Jump to content

Israel: Cannabis Ok’D For Treatment Of Epilepsy In Children


Recommended Posts

Israel is way ahead of the curve regarding medical uses of cannabis, especially related to Crohn's, but only recently OK'd use for epilepsy in kids.


Israeli children suffering from severe and frequent epileptic seizures and whose medication has proven ineffective will be eligible for medicinal cannabis, the Health Ministry ruled on Wednesday.


Following a campaign by parents of such children, the ministry has decided to reevaluate all appeals for a prescription that were previously dismissed, as epilepsy currently does not appear on the list of diseases for which cannabis is an authorized form of treatment.  


The 15 families who had appealed to the ministry threatened to move to Colorado should their requests be denied.  


“My daughter has seven-eight seizures a day and the doctors have nothing to do,” S. wrote to the Health Ministry, according to the online Cannabis magazine. “I’m not asking, I’m begging — give me the license to use medical cannabis. With this amount of seizures, what is the Health Ministry waiting for? That God forbid her condition will deteriorate further? Why not relieve the girl and us? Why are they letting us suffer this way?”


“Within a few days or weeks, those found suitable [for treatment with cannabis] will receive the license,” the Health Ministry said Wednesday.  In addition, doctors will monitor and study those children to whom the drug is administered in order to document its effects on inhibiting seizures.  The order on Wednesday applies only to children.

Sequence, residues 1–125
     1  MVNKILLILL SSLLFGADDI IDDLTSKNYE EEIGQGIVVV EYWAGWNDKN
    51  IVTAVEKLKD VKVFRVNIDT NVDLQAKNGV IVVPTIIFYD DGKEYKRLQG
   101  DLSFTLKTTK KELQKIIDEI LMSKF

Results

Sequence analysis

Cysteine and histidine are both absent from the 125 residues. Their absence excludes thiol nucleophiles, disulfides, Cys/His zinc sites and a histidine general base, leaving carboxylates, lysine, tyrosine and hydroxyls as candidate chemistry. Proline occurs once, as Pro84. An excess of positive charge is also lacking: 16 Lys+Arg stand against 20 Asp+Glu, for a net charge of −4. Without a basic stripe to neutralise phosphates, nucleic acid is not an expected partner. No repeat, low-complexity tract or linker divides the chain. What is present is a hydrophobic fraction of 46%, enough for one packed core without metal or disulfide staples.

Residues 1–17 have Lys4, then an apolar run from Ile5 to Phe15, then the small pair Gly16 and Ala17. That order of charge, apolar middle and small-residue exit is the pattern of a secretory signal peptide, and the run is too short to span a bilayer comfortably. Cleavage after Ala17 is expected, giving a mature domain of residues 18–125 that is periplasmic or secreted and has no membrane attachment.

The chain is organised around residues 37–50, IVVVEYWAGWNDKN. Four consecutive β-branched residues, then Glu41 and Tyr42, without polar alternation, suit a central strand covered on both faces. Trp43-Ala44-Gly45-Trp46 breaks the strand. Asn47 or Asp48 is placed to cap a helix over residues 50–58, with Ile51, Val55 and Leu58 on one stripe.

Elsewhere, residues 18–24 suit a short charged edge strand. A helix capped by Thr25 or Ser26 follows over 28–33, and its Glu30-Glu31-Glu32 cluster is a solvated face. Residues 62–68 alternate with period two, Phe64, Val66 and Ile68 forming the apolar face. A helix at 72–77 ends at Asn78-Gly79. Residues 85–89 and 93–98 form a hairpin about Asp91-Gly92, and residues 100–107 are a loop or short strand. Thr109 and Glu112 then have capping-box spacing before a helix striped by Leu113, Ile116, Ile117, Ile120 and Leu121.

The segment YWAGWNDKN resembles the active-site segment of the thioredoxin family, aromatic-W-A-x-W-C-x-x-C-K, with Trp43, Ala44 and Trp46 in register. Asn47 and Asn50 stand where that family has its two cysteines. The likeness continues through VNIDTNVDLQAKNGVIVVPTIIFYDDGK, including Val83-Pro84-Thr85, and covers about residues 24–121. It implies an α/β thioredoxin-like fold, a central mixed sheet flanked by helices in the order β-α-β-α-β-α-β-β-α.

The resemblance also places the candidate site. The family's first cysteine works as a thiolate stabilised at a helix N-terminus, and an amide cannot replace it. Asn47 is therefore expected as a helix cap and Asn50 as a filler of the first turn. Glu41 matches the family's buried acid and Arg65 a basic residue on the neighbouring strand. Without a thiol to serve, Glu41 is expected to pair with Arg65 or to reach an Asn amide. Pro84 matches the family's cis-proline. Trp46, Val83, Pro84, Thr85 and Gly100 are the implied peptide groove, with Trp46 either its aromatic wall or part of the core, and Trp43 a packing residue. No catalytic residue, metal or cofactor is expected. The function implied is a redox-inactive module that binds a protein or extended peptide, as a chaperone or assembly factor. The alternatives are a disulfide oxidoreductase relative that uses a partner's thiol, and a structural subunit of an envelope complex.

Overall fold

Applications for adult epileptics will continue to be referred to a special committee for further evaluation.  In Wednesday’s session, the Health Ministry also added Fibromyalgia to the list of illnesses eligible for medical marijuana, which includes cancer, Parkinson’s, Tourette’s, chronic pain, and multiple sclerosis.  


Medical marijuana use rose sharply in 2013, according to figures released by the Health Ministry, which indicated that some 13,000 patients in total had been approved for the legal use of cannabis in 2013, compared with 10,000 in 2012, an increase of 30 percent.


Original article here.

Link to comment
Share on other sites

Although not really related to their expertise with Cannabis it is about some more of their policies as they relate to US. Earlier today there was a very interesting discussion on Cspan about our special relationship with Israel. Very, very enlightening. Also fairly long, with numerous notable speakers. I'll put a link here in case anyone else is interested.


Link to comment
Share on other sites

Join the conversation

You can post now and register later. If you have an account, sign in now to post with your account.

Reply to this topic...

×   Pasted as rich text.   Paste as plain text instead

  Only 75 emoji are allowed.

×   Your link has been automatically embedded.   Display as a link instead

×   Your previous content has been restored.   Clear editor

×   You cannot paste images directly. Upload or insert images from URL.


  • Create New...